Friday, May 20, 2011

Early Friday Morning in Williamsburg: Breakfast at Metro Community Laundromat

It's early morning in our stretch of Williamsburg. Our next-door neighbors have decorated their stoop with the plants that are its only users; they're pretty and discourage random sitters.

On Lorimer Street, kids in charter school polo shirts are heading out of the subway with their backpacks to begin their day while older people and some parents with littler kids head down to the L train. At San Marco Pizzeria, the espresso is already brewed, the regulars starting to gather out front.

Around the corner on Metropolitan Avenue, the Asian bottle ladies are sorting and gathering their glass.

We're headed to Metro Community Laundromat with our dirty clothes, towels and sheets,

trying to take advantage of the rare sunny break in this week's endless rain.

We've got our New York Times -- the early-bird thieves who were grabbing it from our stoop all winter seem to have lost interest in the news -- and homemade iced tea in a Snapple bottle and a plastic container of multigrain cereal from Trader Joe's with half a cup of skim milk poured on it (yes, we eat the stuff without cooking it) to enjoy after we've put our clothes in the washing machine.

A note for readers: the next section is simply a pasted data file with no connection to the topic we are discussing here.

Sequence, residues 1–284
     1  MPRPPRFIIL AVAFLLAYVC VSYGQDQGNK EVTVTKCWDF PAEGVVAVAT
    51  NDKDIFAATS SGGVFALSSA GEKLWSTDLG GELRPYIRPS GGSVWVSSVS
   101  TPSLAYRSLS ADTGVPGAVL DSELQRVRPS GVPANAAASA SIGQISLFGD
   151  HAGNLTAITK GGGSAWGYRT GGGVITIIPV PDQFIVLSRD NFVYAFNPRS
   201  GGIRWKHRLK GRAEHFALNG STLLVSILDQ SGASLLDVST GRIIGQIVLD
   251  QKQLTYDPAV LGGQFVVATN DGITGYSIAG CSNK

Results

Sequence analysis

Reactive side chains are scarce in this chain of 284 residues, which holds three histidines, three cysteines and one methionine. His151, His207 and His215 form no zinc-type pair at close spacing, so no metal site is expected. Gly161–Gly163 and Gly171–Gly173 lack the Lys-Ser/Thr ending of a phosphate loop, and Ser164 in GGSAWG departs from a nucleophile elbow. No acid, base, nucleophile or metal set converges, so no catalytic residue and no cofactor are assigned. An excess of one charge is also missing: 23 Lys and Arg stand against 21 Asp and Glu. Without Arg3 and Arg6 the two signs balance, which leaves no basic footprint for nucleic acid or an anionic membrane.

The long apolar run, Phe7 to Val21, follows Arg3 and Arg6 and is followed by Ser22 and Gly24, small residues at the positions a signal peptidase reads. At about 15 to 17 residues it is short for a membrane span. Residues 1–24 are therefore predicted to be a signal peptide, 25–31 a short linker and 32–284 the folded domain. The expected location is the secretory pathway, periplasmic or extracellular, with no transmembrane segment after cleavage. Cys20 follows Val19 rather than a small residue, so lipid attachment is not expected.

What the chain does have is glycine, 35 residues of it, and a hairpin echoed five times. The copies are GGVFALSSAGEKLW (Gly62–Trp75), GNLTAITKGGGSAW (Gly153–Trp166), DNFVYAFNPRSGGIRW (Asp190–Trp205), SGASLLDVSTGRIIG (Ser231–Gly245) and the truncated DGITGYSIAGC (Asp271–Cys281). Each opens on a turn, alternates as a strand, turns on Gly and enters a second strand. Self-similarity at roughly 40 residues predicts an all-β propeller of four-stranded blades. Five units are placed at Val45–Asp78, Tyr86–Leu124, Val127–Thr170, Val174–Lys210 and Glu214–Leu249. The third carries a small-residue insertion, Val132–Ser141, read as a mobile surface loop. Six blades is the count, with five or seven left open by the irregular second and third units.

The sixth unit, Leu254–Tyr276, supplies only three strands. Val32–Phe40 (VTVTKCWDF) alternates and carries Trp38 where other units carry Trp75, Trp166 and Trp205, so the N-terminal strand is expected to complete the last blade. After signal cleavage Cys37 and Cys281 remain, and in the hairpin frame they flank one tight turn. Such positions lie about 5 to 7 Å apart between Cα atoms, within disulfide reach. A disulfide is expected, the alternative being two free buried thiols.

Free reading material -- here, the Williamsburg Courier, Greenpoint Star and Metro -- sits on the counter.

We're alone, except for a few others and the Chinese woman by the booth. Her friendly gray-haired husband, if it is her husband, or maybe brother or no relation at all, isn't around yet.

An almost-empty laundromat

is as peaceful as a church half an hour before services.

Drying is always more fun, we think.

Laundry is our favorite household task, the only one we're good at. Our dad, who didn't learn how to do laundry until he was in his late 70s, after our mom got Alzheimer's, is an expert now. Many men are.

The laundromat that never sleeps provides some great benches outside for the smokers, the readers, and sometimes just passersby in great weather like this morning.

Across the street someone's getting Crest Hardware ready for the day's business.

A lone hipster and somebody's abuela enter with bundles of stuff that will come out cleaner. Later on there are others, including as we fold, this husband and wife doing five loads as they share a cup of coffee and quiet talk in Spanish.

There's no other reaction to a morning like this but feeling grateful to be alive in a time of fabric softeners.

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